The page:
Tuesday, November 23, 2021

Buying a gun

I am struggling with this one as I do not want to provide anyone with a step by step process on how to kill ones self.  But this is mostly for my befit and remembering what the head I was thinking when I did this.  This isnt to tell you how to do this, this is to show you the idiocy of what I was doing and thinking. 

If you have been reading my previous posts, you are probably picking up that I am not a fan of guns.  I had never own one prior to the one that I purchased to kill myself.  I had no idea what to look for in a gun.  I didn't really need it to have too many bells and whistles since I didn't expect to use it more than once.  Thats a pretty bad joke but its true.  

It was July 2, 2017.  A typical hot summer day in Virginia.  My wife and I had another fight that morning.  I can't say I know what it was about.  I was in a really dark place and wasn't all that pleasant.  I do vividly remember saying to her that she never considers how she makes others feel. At that point, nothing she could have said would have made me feel better and I was likely deflecting.  I hopped on my motorcycle and drove to the the nearest Cabela's to look at their guns.  At that point, I didn't really have a specific plan in mind, just that I knew that I needed a gun to make it happen.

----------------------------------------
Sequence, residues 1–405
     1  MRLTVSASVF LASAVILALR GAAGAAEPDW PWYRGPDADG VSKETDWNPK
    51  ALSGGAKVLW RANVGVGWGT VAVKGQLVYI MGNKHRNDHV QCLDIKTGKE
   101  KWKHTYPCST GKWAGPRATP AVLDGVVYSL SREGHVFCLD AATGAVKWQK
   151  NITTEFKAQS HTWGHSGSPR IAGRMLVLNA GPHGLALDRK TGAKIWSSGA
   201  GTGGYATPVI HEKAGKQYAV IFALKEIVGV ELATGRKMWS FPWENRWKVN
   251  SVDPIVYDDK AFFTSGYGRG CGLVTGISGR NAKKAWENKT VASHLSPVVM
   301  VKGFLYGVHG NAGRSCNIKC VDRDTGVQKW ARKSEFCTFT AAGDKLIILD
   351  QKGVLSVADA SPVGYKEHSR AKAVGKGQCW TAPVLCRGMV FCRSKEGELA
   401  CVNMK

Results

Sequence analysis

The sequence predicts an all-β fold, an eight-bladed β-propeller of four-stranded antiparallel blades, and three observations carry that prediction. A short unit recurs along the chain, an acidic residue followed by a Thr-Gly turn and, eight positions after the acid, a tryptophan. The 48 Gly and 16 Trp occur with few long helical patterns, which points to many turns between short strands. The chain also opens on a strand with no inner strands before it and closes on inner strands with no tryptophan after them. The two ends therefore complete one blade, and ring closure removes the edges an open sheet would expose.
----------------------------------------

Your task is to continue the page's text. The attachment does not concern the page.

I am 6'2, 260 lbs and strutting in all of the swagger of someone riding a big V-Twin motorcycle.  I have a suspicion that as I approached the display case, the guys behind them figured that I knew what I wanted and it would be a quick transaction.  

"Morning, what are you looking for?"

"Um, not sure.  I guess I am guess looking right now"

"OK, just holler when you need to see something."

Honestly, I had no clue what I was looking for.  I just wanted something that I could put bullets in and shoot them.  But as I looked at all of the handguns, I decided I needed something cool looking.  I guess the notion of someone finding me with a hole in my head and a lame handgun in my hand was just unacceptable.  

So I held a few, looking like a knew what I was doing, and selected a Smith and Wesson SD40.  Below is a picture of it.  Looks kinda manly and cool, doesn't it?  

SD VE | Smith & Wesson

If you said yes, you are wrong.  

I think it was $350 or something like that. I said that I will take it but before I could wrap up my new purchase, I had to pass a background check.  This had to be the stupidest process I have ever experienced.  

The guy directed me to a computer and had me fill out some questions.  After a few minutes, I learned that I failed the background check.  I said that I had no idea why I would have failed, I have no felonies or anything unusual.  In fact, I had a government clearance and if you can pass one of those, you sure as hell should be able to pass a gun background check.  This is where it got weird.

The guy, who I learned was a police officer, picking up some side cash at Cabela's, suggested that I retake the check and this time, I should reconsider my answers and change some.  That I may have been over thinking some or one of the questions.  He then smiled and winked at me.  I answered them all honestly.  but then went I went back and retook it, this question jumped out at me:

Are you an unlawful user of, or addicted to, marijuana or any depressant, stimulant, narcotic drug, or any other controlled substance?